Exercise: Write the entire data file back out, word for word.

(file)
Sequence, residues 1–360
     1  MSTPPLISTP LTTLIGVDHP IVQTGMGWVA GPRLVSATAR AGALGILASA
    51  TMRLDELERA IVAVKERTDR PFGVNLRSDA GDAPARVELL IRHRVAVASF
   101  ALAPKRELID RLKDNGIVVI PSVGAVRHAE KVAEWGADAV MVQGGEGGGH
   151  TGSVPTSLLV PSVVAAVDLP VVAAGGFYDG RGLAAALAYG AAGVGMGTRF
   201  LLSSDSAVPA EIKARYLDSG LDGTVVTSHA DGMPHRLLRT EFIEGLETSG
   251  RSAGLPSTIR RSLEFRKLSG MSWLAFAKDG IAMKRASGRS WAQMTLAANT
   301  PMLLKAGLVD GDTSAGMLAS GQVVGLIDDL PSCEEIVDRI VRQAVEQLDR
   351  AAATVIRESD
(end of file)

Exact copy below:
Sequence, residues 1–360
     1  MSTPPLISTP LTTLIGVDHP IVQTGMGWVA GPRLVSATAR AGALGILASA
    51  TMRLDELERA IVAVKERTDR PFGVNLRSDA GDAPARVELL IRHRVAVASF
   101  ALAPKRELID RLKDNGIVVI PSVGAVRHAE KVAEWGADAV MVQGGEGGGH
   151  TGSVPTSLLV PSVVAAVDLP VVAAGGFYDG RGLAAALAYG AAGVGMGTRF
   201  LLSSDSAVPA EIKARYLDSG LDGTVVTSHA DGMPHRLLRT EFIEGLETSG
   251  RSAGLPSTIR RSLEFRKLSG MSWLAFAKDG IAMKRASGRS WAQMTLAANT
   301  PMLLKAGLVD GDTSAGMLAS GQVVGLIDDL PSCEEIVDRI VRQAVEQLDR
   351  AAATVIRESD